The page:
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Senate Indian Affairs Committee Passes Tribal Energy Bill

The U.S. Senate Committee on Indian Affairs passed a bill Wednesday designed to simplify federal energy regulations on Indian lands.

The bill -- S-209, also known as the Indian Tribal Energy Development and Self-Determination Act Amendments of 2015 -- calls for amending language enacted by a similarly-named law, the Indian Tribal Energy Development and Self-Determination Act of 2005, and the Energy Policy Act of 1992 (see Daily GPI, May 27, 2005).

In particular, S-209 would change Tribal Energy Resource Agreements (TERA) by adding language pertaining to oil and natural gas leases; rights-of-way; the pooling, unitization or communitization of mineral resources located on tribal lands; and the certification of tribal energy development organizations.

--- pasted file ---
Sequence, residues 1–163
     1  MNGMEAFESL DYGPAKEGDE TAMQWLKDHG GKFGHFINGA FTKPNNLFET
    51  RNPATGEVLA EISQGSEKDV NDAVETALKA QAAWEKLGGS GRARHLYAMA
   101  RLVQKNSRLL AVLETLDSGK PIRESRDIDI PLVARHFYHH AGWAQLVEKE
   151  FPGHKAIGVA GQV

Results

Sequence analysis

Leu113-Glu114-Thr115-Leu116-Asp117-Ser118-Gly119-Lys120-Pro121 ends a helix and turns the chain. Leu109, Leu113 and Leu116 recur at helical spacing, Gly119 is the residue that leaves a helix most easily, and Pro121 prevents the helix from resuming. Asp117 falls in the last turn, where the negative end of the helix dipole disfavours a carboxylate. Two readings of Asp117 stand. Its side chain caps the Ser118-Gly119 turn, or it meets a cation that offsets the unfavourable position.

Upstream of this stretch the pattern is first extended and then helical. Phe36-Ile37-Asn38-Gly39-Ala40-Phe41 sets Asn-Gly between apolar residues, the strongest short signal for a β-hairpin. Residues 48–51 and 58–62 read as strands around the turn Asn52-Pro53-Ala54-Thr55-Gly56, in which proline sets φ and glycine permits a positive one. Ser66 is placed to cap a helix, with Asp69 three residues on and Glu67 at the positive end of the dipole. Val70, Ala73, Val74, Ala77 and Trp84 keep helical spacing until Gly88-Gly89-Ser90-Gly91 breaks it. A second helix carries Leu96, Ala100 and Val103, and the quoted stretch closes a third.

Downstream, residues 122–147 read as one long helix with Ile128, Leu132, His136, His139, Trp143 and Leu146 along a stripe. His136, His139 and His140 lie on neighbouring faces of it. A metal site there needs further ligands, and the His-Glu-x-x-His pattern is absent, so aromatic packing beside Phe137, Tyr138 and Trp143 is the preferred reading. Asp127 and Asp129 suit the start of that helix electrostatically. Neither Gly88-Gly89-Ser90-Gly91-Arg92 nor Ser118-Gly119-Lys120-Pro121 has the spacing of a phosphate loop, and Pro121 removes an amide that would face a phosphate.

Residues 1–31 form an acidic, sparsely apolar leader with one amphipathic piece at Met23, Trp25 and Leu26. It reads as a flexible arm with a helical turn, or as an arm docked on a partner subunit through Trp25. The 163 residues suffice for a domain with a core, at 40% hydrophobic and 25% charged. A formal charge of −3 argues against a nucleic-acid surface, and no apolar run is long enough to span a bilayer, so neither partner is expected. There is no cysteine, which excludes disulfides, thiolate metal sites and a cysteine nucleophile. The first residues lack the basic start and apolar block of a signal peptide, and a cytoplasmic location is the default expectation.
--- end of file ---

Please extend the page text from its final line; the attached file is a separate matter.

"I'm pleased the committee wasted no time in passing bipartisan legislation that will help improve the lives of people throughout Indian Country," Sen. John Barrasso (R-WY), the committee chairman and the bill's sponsor, said Wednesday. "We are now one step closer to empowering tribes and breaking down barriers to tribal energy development. Our legislation will help increase economic development, create jobs and give tribes the flexibility they need to tailor federal programs to best meet the needs of their local communities."

S-209 also includes seven miscellaneous amendments, six of which insert additional language over the issuance of preliminary permits or licenses; a weatherization program; appraisals; leases for restricted lands of the Navajo Nation; an extension to the tribal lease period for the Crow Tribe of Montana, and the trust status of lease payments.

The seventh miscellaneous amendment calls for establishing a biomass demonstration project for Indian tribes recognized by the federal government and Alaska Native corporations. Demonstrations to promote biomass energy production -- including biofuel, heat and electricity generation -- would be performed on Indian forest land and in nearby communities for each of the fiscal years from 2015 to 2019.

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